Lesson 13: Cookies
How and what kind of information websites are collecting from their users, and especially how they use it, is a hot topic. Cookies are often mentioned as an example of how information is collected and pose a threat to your privacy. But are there reasons to be worried? Judge for yourself. Once you have gone through this lesson, you will know what can be done with cookies.
What is a cookie?
A cookie is a small text file in which a website can store different information. Cookies are saved on the user's hard drive and not on the server.
Most cookies expire (delete themselves) after a predetermined time period, which can range from one minute to several years. But the user can also identify and delete any cookies on his/her computer.
Most browsers, such as Microsoft Internet Explorer, Mozilla Firefox and Google Chrome, can be configured to let the user choose whether or not he/she will accept a cookie. But then, why not just say no to all cookies? It is possible. But many websites would not work as intended without cookies, since cookies in many contexts are used to improve the usability and functionality of the website.
How is information stored in a cookie?
It's easy to set or modify a cookie in PHP with setcookie. In the first example, we will create a cookie and set the value.
First, you need a name for the cookie. In this example we will use the name "HTMLTest". Next, you set the value of the cookie like this:
setcookie("HTMLTest", "This is a test cookie");
By default, a cookie is kept untill the browser is closed, but it can easily be modified by adding another parameter setting the expiry time:
setcookie("Name", "C. Wing, time()+3600);
setcookie("Interests", "plane spotting", time()+3600);
"Time()+3600" specified that the cookie should expire in 3600 seconds (60 minutes) from now.
In the example above, we stored information about a user's name and interests. This information can, for example, be useful to target the website specifically for the individual visitor.
How do you retrieve the value of a cookie?
To get the value of the cookie, $_COOKIE is used. For example, if we need the information from the example above, we do it like this:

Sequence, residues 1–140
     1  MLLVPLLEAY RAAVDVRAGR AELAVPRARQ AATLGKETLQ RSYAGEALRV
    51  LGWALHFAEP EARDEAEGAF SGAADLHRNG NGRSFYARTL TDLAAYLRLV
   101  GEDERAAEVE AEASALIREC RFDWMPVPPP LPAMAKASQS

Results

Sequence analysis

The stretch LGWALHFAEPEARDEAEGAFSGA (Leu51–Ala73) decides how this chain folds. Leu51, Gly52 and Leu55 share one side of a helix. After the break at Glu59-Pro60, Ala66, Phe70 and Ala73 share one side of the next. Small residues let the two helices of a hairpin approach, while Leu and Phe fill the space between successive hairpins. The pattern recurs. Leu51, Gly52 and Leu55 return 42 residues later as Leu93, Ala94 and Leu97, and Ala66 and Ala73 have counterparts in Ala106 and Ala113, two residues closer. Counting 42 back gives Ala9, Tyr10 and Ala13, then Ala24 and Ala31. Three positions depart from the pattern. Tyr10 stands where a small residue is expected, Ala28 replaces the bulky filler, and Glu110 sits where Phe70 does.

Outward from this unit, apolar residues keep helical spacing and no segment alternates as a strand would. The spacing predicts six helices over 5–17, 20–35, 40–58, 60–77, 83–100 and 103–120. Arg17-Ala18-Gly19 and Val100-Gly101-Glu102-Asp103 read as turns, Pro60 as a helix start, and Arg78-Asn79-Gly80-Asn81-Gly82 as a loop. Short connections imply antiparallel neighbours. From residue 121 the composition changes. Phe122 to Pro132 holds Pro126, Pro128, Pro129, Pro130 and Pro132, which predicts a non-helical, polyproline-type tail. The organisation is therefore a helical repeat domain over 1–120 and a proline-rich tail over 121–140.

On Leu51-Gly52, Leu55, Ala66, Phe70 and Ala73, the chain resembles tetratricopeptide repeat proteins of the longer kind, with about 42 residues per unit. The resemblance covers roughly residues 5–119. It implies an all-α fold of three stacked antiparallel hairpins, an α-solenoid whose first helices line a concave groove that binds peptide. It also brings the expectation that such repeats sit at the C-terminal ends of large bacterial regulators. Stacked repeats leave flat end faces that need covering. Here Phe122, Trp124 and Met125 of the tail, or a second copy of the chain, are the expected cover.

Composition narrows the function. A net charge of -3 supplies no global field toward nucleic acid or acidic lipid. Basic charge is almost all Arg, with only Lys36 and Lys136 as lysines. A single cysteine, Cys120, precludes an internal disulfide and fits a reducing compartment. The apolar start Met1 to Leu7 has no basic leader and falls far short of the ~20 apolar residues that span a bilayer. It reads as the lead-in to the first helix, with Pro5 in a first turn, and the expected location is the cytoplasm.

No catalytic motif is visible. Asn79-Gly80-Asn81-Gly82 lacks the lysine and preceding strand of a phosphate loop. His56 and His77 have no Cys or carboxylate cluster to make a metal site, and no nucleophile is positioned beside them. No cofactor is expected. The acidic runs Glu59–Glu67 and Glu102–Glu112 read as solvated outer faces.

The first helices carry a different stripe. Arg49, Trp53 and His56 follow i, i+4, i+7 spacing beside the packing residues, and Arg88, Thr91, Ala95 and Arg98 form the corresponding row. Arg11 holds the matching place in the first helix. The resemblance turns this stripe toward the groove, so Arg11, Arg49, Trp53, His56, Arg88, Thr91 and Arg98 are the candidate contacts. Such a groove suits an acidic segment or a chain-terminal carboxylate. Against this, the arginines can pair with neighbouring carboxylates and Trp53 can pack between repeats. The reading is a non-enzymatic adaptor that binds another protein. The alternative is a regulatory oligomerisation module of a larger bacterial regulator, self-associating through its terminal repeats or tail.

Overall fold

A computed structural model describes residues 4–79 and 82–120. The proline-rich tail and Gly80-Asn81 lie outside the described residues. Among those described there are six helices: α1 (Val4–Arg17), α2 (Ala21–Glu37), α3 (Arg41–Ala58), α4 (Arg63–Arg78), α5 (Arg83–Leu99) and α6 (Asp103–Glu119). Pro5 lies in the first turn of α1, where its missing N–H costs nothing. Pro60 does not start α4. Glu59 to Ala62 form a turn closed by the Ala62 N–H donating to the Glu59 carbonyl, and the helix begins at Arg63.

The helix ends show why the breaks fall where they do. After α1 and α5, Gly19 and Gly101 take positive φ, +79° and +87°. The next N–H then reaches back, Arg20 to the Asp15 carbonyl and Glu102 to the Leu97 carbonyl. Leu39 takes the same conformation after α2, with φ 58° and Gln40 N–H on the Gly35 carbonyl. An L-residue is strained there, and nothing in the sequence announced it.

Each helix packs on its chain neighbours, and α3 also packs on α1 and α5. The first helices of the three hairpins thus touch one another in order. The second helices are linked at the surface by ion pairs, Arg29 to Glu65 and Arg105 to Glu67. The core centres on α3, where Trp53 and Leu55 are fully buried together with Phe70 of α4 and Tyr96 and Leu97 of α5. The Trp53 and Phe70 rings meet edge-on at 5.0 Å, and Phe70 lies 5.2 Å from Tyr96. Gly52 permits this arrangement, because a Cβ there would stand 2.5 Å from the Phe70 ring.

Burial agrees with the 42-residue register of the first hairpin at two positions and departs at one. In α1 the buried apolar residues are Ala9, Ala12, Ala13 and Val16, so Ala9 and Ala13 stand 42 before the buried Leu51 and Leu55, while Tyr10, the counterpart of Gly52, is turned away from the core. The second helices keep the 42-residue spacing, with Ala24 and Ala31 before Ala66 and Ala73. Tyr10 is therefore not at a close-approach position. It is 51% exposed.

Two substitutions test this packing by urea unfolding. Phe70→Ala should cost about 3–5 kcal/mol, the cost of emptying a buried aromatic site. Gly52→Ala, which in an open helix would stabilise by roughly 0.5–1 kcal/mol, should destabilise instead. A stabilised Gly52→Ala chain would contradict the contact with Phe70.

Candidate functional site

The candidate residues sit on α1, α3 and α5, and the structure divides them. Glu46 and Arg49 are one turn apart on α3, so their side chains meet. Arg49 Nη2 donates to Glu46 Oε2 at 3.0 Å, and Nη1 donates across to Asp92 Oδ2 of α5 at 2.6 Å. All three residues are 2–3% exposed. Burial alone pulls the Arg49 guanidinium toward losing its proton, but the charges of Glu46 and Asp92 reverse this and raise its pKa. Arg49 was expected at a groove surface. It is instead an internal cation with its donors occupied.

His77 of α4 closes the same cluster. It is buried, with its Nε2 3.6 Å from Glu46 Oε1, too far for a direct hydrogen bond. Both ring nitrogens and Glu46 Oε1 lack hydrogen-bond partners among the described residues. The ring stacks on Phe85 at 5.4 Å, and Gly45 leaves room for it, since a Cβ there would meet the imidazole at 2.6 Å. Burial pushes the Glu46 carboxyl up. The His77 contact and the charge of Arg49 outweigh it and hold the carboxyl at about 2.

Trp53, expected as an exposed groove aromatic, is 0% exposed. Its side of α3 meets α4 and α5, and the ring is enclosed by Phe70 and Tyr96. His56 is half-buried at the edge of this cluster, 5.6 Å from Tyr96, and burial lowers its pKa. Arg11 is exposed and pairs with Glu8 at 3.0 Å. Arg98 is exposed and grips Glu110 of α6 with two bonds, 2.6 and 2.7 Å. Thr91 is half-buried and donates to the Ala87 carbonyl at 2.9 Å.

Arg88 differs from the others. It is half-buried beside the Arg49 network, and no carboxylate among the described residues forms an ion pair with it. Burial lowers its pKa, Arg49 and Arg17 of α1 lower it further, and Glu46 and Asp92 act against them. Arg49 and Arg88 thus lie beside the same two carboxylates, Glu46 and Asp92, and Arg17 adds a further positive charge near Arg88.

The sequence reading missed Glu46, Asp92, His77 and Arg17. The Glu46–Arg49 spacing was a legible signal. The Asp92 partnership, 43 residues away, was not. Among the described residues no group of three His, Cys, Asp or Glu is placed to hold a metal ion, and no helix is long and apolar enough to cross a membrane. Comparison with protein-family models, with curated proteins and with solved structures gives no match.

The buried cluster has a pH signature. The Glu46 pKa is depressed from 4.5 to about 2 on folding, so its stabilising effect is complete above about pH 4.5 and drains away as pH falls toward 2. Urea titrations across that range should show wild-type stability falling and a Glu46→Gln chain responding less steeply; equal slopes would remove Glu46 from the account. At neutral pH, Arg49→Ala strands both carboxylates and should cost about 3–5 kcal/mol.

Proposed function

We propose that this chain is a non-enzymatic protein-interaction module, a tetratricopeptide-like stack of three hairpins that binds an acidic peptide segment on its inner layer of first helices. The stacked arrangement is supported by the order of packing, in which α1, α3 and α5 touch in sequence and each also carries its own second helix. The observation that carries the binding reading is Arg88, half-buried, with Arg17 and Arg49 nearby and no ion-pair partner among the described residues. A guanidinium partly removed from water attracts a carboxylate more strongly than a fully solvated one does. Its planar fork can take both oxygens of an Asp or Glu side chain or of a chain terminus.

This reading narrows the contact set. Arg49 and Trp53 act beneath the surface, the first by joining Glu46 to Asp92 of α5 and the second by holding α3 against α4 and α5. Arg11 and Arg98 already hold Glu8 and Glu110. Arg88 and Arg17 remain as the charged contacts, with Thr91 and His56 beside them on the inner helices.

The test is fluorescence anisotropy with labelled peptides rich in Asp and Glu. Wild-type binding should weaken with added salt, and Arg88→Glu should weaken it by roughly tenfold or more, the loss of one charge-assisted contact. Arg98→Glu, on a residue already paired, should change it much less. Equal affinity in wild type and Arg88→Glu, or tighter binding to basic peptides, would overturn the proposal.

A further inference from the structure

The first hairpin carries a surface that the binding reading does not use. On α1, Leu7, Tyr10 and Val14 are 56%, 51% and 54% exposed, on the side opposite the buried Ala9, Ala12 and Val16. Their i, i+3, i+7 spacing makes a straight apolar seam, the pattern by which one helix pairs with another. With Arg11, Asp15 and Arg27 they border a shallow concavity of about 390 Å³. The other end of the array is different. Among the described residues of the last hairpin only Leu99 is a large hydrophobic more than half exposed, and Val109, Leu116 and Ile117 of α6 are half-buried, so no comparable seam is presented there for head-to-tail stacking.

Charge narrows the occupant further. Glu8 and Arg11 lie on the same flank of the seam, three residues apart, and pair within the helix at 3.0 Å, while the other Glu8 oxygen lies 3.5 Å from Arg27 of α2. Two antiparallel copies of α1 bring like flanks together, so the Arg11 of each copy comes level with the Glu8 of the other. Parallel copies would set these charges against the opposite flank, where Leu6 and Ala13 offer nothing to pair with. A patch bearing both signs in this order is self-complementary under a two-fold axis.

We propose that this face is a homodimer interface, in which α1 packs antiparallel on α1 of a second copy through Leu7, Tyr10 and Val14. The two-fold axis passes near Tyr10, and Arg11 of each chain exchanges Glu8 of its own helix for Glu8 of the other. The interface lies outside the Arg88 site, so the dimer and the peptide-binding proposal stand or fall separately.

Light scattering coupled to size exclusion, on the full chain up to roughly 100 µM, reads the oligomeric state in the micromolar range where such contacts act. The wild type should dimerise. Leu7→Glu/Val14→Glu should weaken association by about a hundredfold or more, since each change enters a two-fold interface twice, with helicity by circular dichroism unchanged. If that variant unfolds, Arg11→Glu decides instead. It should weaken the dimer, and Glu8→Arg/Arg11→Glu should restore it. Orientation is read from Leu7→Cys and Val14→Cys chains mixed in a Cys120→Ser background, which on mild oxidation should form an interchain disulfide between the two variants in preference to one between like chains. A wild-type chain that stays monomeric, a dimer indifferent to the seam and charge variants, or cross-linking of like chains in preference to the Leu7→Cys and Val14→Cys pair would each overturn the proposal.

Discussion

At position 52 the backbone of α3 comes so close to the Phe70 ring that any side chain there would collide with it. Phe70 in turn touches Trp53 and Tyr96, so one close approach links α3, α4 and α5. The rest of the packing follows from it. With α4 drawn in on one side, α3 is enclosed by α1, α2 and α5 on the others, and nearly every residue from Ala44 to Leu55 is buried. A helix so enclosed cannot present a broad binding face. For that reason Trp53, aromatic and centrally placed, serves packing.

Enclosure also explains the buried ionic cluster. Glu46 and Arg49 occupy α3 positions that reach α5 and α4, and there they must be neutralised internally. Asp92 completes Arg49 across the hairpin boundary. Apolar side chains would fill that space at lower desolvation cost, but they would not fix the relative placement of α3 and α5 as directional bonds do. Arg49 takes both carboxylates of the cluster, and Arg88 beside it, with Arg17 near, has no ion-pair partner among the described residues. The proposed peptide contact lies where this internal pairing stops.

$strName = $_COOKIE["Name"];
$strInterest = $_COOKIE["Interest"];
echo "<p>" . strName . "</p>"
echo "<p>Your interest is . " strInterest . "</p>"
Who can read the cookie?
By default, a cookie can be read at the same second-level domain (e.g. html.net) as it was created. But by using the parameters domain and path, you can put further restrictions on the cookie using the following syntax:
setcookie(name, value, expiration time, path, domain);
Let us look at an example:
setcookie("Name", "C. Wing", time()+60*60*24*365, "/tutorials/php/", "www.html.net");
In the example above, we set a cookie called "Name" with the value "C. Wing." The cookie expires after one year (60 seconds * 60 minutes * 24 hours * 365 days) and can be read only by sites located in the directory "/tutorials/php/" on the (sub-)domain "www.html.net".
Example of a cookie
We can try to save a sample cookie on your computer and then see how it looks.
The following code sets the cookie:
setcookie("HTMLTest", "This text is in a cookie!", time()+60*60*24, "/tutorials/php/", "www.html.net");
echo $_COOKIE ["HTMLTest"];
The cookie is being placed on your hard drive. Depending on what operating system you use, your cookies may be saved in different places. Once you find them, they will probably look like this:
As you can see, a cookie is a normal text file that can be open with Notepad, for example. The contents of the cookie we have just created will probably look something like this:
HTMLTest TEXT=This+text+is+in+a+cookie% 21 www.html.net/tutorials/php 0 80973619229399148 4216577264 29399141 *
We will not go into detail with the different codes, but simply note that the user has full control over cookies on his/her computer.
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